So, you need a resistor in series with the LED and the voltage source. Using Ohms law, R = E / I, you figure out the resistor you need.

Say you want to run the LED from a 9 volt battery. The voltage you need to drop across the resistor is 9.0 - 2.1 = 6.9 volts.

The current is 20 milliamps or 0.02 amperes. So, R = 6.9 / 0.02 = 345. The nearest common value is 330 ohms - good enough.

Now make sure the power rating of the resistor is sufficient. The power the resistor will dissipate is R = E * I,

We need to figure out what the current is because we used a 330 instead of the calculated 345 ohm.

I = E / R, I = 6.9 / 330 = 0.021 amps. Therefore the power is 6.9 * 0.021 = 0.144 watts.

You need a 1/4 watt (0.250 watt) resistor or larger (a 1/2 watt or 1 watt is OK, a 1/8 watt is too small).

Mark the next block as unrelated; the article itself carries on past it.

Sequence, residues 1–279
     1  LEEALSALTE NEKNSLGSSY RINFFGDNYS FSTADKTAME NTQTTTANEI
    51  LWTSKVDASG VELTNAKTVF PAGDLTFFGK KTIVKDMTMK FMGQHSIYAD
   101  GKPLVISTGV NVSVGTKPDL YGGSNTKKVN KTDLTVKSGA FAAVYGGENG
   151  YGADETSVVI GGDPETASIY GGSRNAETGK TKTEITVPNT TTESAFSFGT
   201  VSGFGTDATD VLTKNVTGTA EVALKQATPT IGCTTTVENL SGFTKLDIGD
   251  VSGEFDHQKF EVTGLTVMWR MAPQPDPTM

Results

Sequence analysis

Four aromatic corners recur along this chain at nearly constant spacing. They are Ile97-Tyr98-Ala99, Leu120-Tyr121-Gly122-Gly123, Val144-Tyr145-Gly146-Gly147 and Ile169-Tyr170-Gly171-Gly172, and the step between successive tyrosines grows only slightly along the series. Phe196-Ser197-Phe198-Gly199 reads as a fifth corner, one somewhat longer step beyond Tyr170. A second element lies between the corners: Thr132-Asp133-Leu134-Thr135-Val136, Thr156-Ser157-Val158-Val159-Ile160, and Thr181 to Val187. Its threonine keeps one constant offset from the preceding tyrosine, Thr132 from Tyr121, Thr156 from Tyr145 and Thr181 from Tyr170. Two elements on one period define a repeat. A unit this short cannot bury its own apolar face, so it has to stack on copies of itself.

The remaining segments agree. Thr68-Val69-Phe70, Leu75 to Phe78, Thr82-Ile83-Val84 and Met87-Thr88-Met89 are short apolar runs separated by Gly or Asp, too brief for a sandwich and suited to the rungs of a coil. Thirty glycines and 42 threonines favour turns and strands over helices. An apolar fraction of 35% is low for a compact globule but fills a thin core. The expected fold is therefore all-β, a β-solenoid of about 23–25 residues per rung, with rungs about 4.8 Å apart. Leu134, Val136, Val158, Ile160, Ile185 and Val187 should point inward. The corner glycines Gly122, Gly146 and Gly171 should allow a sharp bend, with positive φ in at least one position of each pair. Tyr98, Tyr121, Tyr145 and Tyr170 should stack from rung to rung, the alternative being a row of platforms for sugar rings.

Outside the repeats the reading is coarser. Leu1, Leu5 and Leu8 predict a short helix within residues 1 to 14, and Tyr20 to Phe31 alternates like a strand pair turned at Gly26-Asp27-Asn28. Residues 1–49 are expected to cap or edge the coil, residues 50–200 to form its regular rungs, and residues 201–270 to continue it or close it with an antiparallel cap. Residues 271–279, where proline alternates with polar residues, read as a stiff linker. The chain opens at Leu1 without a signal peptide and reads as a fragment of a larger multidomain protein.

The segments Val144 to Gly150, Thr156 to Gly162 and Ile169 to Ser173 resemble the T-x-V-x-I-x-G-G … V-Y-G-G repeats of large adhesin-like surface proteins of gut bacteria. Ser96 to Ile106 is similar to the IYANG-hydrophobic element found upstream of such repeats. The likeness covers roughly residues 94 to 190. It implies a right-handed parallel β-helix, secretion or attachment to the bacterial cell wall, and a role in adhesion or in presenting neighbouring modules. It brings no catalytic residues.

So, LED in series with a 330 ohm, 1/4 watt resistor connected to a 9 volt battery = happy glowing LED.

Hope this helps.
Gentlemen may prefer Blondes, but Real Men prefer Redheads!

Grumpy_Mike

If you want a fail safe indicator system like you say you need a double pole relay. Use one pole to switch your load and the other to switch the LED.

Do you know that an LED can fail short circuit as well as open so putting it in seriese is no garenteed that no indication equals no relay activation.

raschemmel

The forward current for the 14V led is 7.5 mA (typical, max 10 mA, NOT 20) . Also, a 14 V led will not turn on at 5V. That's physics. The one you are running on 5v cannot be the 14v led.
Arduino UNOs, Pro-Minis, ATMega328, ATtiny85, LCDs, MCP4162, keypads,<br />DS18B20s,74c922,nRF24L01, RS232, SD card, RC fixed wing, quadcopter

Thomas499

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Do you know that an LED can fail short circuit as well as open so putting it in seriese is no garenteed that no indication equals no relay activation